The struggle is getting adults to see that noble mission.

Thanks again qwazse.


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On 6/3/2021 at 1:29 PM, Eagledad said:

And while I agree, role models of good character contribute to building good character, a good Patrol Method experience is the main driver of growth, even among role models of bad character. Patrol Method forces the scout to make decisions for other scouts that reflects their character back at them. Now, try to explain how that works to a new parent.

I absolutely agree. Sports can also teach fair play and how to lose well, if the adults understand that it's an important skill to teach. But in scouting there's not agreement about what the game even is. 

The outdoors is to scouting what the rule book is to sports. And if done right, the patrol method is to scouting what fair play and honor is to sports. Any parent understands this about sports. I'm not sure many know all this about scouting. 

I think burnout is an important subject that is not just about parents. Kids get tired of all these activities as well. I was thinking of cub scouts and one thing that would have kept it fun would just be to make each rank a 4 month season and give the scouts a break for the other 8 months a year. A parent that only had to plan a 3rd as much time would have a much easier time and the scouts wouldn't get bored of doing the same things over and over.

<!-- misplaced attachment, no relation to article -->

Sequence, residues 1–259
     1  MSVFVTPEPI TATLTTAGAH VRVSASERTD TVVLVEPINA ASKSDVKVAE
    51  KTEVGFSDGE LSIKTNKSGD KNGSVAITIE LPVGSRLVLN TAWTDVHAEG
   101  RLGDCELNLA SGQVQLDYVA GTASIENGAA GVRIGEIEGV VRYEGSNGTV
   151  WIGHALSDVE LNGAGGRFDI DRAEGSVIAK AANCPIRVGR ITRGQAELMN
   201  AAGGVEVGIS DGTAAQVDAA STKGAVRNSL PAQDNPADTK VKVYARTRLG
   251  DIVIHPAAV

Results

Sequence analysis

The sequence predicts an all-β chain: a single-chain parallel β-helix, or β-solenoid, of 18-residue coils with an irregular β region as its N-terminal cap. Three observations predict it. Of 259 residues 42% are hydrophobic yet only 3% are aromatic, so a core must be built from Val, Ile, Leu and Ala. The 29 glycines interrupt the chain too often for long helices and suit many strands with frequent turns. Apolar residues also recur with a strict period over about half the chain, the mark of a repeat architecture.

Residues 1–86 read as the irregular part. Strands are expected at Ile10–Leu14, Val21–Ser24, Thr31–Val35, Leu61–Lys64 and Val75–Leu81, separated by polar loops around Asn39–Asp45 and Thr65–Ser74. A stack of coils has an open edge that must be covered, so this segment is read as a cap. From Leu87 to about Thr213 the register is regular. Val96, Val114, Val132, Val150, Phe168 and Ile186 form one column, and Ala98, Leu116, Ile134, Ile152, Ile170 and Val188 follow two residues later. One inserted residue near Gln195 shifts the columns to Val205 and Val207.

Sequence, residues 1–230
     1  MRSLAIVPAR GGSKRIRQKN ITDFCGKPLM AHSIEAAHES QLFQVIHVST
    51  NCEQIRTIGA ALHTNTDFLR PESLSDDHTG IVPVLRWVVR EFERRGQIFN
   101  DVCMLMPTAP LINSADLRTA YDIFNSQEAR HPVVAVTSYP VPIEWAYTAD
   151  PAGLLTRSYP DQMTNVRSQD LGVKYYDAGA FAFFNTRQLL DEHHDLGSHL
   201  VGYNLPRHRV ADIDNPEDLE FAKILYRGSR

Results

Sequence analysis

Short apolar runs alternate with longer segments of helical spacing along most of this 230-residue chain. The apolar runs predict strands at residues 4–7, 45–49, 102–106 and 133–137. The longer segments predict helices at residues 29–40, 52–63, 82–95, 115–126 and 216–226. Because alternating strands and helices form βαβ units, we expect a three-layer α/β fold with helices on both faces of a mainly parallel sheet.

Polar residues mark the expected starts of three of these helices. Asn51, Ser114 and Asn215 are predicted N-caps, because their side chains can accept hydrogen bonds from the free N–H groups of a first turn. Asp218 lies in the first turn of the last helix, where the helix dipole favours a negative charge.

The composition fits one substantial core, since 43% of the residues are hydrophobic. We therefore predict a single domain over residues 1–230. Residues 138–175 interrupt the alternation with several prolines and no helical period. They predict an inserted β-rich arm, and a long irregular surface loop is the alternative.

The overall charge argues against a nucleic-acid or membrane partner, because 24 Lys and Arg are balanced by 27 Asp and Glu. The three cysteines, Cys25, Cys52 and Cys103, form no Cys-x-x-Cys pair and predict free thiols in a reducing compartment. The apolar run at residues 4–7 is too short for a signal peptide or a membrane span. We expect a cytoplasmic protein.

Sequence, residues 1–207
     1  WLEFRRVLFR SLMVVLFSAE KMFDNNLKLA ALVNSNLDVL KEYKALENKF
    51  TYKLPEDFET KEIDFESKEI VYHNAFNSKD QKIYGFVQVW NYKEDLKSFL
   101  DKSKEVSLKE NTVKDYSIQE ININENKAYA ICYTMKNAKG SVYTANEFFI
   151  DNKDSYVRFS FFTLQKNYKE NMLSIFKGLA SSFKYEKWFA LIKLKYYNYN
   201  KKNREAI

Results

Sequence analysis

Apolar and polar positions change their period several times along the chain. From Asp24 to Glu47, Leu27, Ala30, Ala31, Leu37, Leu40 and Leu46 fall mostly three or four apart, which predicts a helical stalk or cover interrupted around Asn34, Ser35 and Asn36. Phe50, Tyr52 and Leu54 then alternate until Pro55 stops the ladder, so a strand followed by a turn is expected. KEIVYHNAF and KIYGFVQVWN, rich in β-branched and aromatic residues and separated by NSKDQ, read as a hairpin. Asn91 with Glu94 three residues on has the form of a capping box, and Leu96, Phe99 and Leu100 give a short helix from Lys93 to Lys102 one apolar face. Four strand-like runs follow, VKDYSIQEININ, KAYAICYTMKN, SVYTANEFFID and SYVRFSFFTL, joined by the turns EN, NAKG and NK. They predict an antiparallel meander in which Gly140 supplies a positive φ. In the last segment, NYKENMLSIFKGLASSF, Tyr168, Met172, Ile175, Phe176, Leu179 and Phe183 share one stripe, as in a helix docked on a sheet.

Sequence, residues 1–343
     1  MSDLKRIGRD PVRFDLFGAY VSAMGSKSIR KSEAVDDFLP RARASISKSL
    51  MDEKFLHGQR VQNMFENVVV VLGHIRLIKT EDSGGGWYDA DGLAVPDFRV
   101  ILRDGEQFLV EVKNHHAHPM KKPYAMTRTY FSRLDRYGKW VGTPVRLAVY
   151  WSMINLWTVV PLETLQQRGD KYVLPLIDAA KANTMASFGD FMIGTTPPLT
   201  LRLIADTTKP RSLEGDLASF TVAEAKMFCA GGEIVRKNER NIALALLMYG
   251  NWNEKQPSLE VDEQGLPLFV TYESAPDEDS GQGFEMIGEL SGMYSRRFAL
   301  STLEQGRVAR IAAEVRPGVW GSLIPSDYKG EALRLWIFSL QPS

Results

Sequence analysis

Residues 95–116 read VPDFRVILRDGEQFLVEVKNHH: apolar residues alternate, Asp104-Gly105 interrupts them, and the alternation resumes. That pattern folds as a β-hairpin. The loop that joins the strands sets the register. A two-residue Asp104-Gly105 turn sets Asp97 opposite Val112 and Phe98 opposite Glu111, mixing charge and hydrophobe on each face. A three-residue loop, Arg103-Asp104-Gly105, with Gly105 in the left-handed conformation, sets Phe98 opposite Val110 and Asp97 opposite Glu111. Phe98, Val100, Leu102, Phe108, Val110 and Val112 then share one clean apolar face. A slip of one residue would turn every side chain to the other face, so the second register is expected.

Just my opinion, but the underlying issue seems to be about money. My council says it costs $600/scout/year, whether it's a 4 month year or a 12 month year.  So the focus seems to be more on justifying that price than anything else. And that includes what you call the noble mission of scouts.

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On 5/8/2021 at 1:48 PM, yknot said:

It seems kind of obvious but you do hope.

I don't know about Gen Z. First off, I see them putting off having families as have Millennials. Frankly, I look out over the units I see and there are still a lot of Baby Boomer parents here with adolescents and teenagers, especially dads.  We're still riding the membership connection to that generation.  


On 5/8/2021 at 4:38 PM, yknot said:

I kind of disagree. The biggest supporters of scouting in my neck of the woods are younger boomers who still have relatively young kids and then to a lesser degree, Gen X'ers. We are still out there supporting things like scouts and sports and all the legacy community organizations. I think when the last cohort of younger boomers with scout aged kids, which I'm in, ages out in the next few years, it's going to be noticeable. 

Which is to say I agree that BSA is going to have a tough time producing a business model that supports retaining all these camp and HA bases. 

Our Troop is rather large...we have 16 newbies signed up since about March.   So...in some places those youth...and their parents are still coming.  I'm glad of that...because I believe it is unethical to punish the innocent for the sins of the guilty.